JACKSON, Miss. (AP) — Mississippi's only abortion clinic missed a Friday deadline to comply with a 2012 state law that requires each of its physicians to get hospital admitting privileges — a law the governor said he signed with the hopes of shutting the clinic down.
The state Health Department won't immediately close the clinic, Jackson Women's Health Organization. The department will set an inspection later, and if it orders a shutdown, the clinic can appeal.
Clinic administrator Diane Derzis said every Jackson-area hospital where the clinic applied for privileges said no.
"They were clear that they didn't deal with abortion and they didn't want the internal or the external pressure of dealing with it," Derzis told The Associated Press in a phone interview Friday.
Republican Gov. Phil Bryant has said repeatedly that he wants Mississippi to be abortion-free.
"My goal, of course, is to shut it down," Bryant said Thursday. "Now, we'll follow the laws. The bill is in the courts now, related to the physicians and their association with a hospital. But, certainly, if I had the power to do so legally, I'd do so tomorrow."
The law requires anyone doing abortions in a clinic to be an OB-GYN with privileges to admit patients to a hospital near the facility where the abortions are done. The clinic filed a lawsuit last summer. U.S. District Judge Daniel P. Jordan III gave the facility time to try to comply with the law, blocking any criminal or civil penalties while the clinic tries to do so.
Admitting privileges can be difficult to obtain. Some hospitals won't issue them to out-of-state physicians, while hospitals that are affiliated with religious groups might not want to associate with anyone who does elective abortions.
One of the clinic's four physicians has admitting privileges, but the clinic said in court papers that he does little work at the clinic and he had the privileges before the new law took effect last July. The other three don't have privileges.
Even if the clinic's physicians don't have admitting privileges, a patient can be transferred from the clinic to a hospital emergency room, if needed. The clinic has said the customary practice is for a hospital to remain in contact with the physician who transferred the patient to the emergency room, regardless of whether that physician has admitting privileges at the hospital.
Bryant's comments about wanting to shut the clinic came in response to reporters' questions after he spoke to several dozen pastors at a Pro-Life Mississippi luncheon, where people talked about holding church services outside the clinic for 40 days to mark the upcoming 40th anniversary of Roe v. Wade, the 1973 U.S. Supreme Court decision that established a nationwide right to abortion.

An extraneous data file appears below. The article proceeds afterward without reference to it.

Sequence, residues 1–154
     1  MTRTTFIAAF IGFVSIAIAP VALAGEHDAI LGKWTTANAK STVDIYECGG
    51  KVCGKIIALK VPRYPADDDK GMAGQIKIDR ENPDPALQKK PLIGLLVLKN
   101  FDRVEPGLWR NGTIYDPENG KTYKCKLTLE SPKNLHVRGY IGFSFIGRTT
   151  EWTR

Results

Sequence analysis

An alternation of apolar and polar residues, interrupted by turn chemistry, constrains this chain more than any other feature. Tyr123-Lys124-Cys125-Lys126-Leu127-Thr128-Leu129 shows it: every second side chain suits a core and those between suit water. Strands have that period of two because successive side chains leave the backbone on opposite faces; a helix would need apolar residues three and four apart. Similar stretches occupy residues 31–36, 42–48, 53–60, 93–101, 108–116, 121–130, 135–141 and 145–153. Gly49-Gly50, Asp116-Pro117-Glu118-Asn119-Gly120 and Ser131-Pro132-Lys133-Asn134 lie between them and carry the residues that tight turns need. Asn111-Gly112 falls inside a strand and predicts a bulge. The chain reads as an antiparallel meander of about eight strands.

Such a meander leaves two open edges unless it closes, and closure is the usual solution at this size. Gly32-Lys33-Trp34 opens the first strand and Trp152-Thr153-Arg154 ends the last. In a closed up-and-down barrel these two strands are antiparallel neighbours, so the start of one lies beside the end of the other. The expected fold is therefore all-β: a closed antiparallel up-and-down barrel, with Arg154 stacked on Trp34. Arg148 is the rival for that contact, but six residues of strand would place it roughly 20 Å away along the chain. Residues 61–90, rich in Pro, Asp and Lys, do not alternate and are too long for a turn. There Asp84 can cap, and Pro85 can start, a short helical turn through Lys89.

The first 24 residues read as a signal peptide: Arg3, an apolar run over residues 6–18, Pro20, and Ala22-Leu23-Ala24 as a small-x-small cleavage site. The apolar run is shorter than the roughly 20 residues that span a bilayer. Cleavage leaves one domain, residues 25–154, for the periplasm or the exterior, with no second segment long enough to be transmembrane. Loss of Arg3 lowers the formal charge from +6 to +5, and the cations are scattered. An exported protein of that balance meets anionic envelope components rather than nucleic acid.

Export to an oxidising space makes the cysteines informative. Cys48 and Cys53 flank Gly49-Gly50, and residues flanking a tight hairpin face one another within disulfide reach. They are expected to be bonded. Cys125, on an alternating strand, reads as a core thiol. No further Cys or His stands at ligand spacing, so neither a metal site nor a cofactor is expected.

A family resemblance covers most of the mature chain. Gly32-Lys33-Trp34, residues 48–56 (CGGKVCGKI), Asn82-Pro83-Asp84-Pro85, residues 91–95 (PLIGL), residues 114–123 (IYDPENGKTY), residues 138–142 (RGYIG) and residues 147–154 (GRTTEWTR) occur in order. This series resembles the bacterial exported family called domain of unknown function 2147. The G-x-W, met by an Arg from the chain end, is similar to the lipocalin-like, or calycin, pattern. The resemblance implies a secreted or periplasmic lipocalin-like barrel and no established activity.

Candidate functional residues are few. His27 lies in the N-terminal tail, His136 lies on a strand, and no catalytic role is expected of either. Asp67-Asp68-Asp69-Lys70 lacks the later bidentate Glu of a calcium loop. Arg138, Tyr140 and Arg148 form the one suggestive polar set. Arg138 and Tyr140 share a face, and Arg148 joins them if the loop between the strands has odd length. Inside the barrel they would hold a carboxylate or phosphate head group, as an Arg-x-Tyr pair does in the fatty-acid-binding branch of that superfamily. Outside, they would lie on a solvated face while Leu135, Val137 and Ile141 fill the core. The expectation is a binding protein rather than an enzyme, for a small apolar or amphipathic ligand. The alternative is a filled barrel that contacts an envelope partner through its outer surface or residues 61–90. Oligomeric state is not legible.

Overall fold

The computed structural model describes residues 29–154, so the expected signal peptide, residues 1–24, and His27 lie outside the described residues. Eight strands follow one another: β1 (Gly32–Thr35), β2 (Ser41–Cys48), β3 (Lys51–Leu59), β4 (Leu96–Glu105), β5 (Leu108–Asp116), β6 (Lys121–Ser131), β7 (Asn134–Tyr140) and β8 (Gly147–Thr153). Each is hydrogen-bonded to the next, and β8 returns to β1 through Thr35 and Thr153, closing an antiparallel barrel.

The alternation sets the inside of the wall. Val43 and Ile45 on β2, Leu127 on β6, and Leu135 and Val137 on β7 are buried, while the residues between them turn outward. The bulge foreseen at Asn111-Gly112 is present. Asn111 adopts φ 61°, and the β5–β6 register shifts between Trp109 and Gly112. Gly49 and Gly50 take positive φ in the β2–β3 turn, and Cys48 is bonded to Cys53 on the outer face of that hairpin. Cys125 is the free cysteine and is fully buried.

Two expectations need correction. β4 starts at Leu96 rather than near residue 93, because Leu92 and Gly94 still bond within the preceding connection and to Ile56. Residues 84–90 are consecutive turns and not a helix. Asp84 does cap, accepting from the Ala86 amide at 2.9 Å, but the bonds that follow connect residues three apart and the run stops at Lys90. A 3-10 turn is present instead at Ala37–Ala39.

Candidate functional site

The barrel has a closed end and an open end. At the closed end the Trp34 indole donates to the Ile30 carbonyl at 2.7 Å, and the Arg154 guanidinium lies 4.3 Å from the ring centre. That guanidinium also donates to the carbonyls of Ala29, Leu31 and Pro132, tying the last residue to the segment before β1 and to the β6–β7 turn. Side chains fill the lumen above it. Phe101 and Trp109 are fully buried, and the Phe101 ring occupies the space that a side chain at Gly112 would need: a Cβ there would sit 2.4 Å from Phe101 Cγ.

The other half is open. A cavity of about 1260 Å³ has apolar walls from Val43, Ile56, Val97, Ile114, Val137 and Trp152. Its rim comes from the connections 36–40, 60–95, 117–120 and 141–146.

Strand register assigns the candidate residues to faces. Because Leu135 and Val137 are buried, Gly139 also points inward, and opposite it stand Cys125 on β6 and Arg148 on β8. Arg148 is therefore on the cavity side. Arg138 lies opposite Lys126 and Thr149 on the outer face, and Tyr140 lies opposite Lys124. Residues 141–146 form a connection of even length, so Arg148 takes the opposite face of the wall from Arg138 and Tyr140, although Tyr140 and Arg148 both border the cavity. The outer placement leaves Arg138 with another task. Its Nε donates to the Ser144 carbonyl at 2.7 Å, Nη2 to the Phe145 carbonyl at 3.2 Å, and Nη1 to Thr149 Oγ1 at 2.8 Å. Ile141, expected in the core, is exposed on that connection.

The clinic is about two miles north of the state Capitol building, in a trendy neighborhood with restaurants, art galleries and clothing stores. It's a nondescript mauve building separated from a street by an iron fence woven with the type of heavy black vinyl that's used for easy-clean restaurant tablecloths.
Outside the clinic Friday, small groups of people prayed, sang hymns and tried to talk to women as they entered or left.
"Any county you're from, there is help available for you folks," Cal Zastrow of Jackson called out to a woman as she walked to her car to leave.
"I'm not pregnant," the woman replied tersely.
Zastrow's 19-year-old daughter, Corrie, said her family has prayed outside abortion clinics since she was a small child. She said they once helped persuade a woman in Michigan not to have an abortion, and the woman later gave birth to twins.
"Holding that little baby was just incredible," Corrie Zastrow said.
At the Capitol Friday, Democratic Rep. Steve Holland said he was frustrated by conservative lawmakers' continuing efforts to restrict abortion.
"Until Roe v. Wade is reversed, that subject should never come up in the Legislature again," he said.
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